Originally Published: Sunday, 15 October 2000 Author: Emmett Plant
Published to: daily_feature/Linux.com Feature Story Page: 1/1 - [Printable]

It's Never About The Benjamins

A friend came up to me last week, and told me about the incredible pains that have put his Linux company through the wringer. Investors wanting to rush to the market for the quick buck, and having to drop staff members to find the fastest route to profitability. This certainly isn't what he had in mind when he started his company.

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A friend came up to me last week, and told me about the incredible pains that have put his Linux company through the wringer. Investors wanting to rush to the market for the quick buck, and having to drop staff members to find the fastest route to profitability. This certainly isn't what he had in mind when he started his company.

It seems that the problem is that investors are interested in quick money, especially in the tech industry. The drive to move companies to the stock market as quickly as possible is put forth by investors, not by technology or the community. Investors need to move on the hot and popular, and the same hype that got Linux on millions of desktops is the same hype that is helping to destroy and dismantle the smaller Linux companies that started with a dream. My friend has a company that was originally intended to be owned by the community, not by the market.

I've met a lot of people who have started Linux companies, and very few of them are motivated by money. They're motivated by ideology, community and technology. A lot of them had more than enough money when they started their business. Moving to the stock market isn't just good for getting IPO cash to get more staff and equipment, it's also good for Linux as a whole. If Linux stocks continue to perform well, Linux becomes more of a viable option for big-iron tech investment.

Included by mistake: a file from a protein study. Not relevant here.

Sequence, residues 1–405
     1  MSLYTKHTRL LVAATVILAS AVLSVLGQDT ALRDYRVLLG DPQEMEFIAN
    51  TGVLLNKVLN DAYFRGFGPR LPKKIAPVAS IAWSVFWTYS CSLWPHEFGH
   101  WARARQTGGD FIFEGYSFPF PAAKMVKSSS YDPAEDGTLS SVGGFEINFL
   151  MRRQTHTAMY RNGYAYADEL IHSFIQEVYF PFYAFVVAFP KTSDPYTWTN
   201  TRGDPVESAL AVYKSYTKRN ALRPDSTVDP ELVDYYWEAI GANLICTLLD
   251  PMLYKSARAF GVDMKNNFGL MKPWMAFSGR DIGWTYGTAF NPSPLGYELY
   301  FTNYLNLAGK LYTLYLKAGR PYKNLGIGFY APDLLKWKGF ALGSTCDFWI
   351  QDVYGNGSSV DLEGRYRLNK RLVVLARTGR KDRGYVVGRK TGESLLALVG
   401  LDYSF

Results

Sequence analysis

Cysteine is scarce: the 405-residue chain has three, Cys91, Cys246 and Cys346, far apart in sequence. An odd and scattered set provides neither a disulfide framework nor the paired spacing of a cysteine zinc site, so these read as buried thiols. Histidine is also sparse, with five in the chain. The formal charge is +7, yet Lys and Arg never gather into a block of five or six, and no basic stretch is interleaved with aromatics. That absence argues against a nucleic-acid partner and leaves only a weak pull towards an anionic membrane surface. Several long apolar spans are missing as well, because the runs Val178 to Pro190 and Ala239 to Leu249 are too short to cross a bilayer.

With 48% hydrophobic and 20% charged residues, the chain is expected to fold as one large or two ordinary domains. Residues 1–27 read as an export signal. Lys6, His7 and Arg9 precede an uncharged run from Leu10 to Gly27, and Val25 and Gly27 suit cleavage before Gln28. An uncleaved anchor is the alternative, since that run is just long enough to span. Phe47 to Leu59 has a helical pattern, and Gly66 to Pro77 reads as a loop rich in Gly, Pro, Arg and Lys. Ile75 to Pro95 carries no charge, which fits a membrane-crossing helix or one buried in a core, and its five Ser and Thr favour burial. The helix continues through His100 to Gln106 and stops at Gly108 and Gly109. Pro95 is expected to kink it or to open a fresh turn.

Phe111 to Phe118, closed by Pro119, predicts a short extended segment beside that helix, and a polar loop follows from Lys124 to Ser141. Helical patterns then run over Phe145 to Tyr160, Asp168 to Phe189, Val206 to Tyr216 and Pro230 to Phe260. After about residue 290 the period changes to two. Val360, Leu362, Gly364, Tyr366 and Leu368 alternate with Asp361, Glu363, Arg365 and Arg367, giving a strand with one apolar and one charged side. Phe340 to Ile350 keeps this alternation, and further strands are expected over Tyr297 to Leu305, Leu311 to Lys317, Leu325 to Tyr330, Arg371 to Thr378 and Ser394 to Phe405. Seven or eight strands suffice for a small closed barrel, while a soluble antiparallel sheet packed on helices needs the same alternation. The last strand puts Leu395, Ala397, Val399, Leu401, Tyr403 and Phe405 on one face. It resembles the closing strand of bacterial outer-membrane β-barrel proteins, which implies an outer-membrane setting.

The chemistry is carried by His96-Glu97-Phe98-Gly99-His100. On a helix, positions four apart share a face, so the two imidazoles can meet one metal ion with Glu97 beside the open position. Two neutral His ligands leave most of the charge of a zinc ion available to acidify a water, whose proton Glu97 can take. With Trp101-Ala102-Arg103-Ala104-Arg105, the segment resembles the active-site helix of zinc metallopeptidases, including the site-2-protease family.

I've been told that Red Hat (not my friend's company) was rushed to the market before they were ready. I wouldn't be surprised; like I said before, this is all driven by investors, not by the natural organic growth of a company. Some of the greatest companies in the Linux space are privately held, and expect to be so for a very, very long time. This means that the people running the company make all the choices, find investment on their own terms, and generally do moderately well. Unfortunately, this also means they don't have a huge money warchest, and might miss payroll occasionally.

You know, I always thought we had to take back software from proprietary interests and monopolistic tendencies; I never thought we would need to take back Linux from the stock exchange. The initial run of big IPO's, like Red Hat, VA Linux, Cobalt and (then) Andover made a big impression on Wall Street, but I'm actually looking at next year's new Linux companies for some sound reasoning and strong business development.

My friend needs to rebuild his company from the ground up. It's sad, but most of the work he has been doing for the past year needs to be reconsidered and redesigned for a push towards profitability. Not 'better product for his customers,' not 'better conditions for the staff,' but 'profitability.' Linux needs to come from the community, and it needs to be motivated by technology and the industry. I don't know if this is the secret to super-big Wall Street investment returns, but it's the secret for building a strong operating system. The more focused we are on good technology, rather than big money, the better off we'll be.





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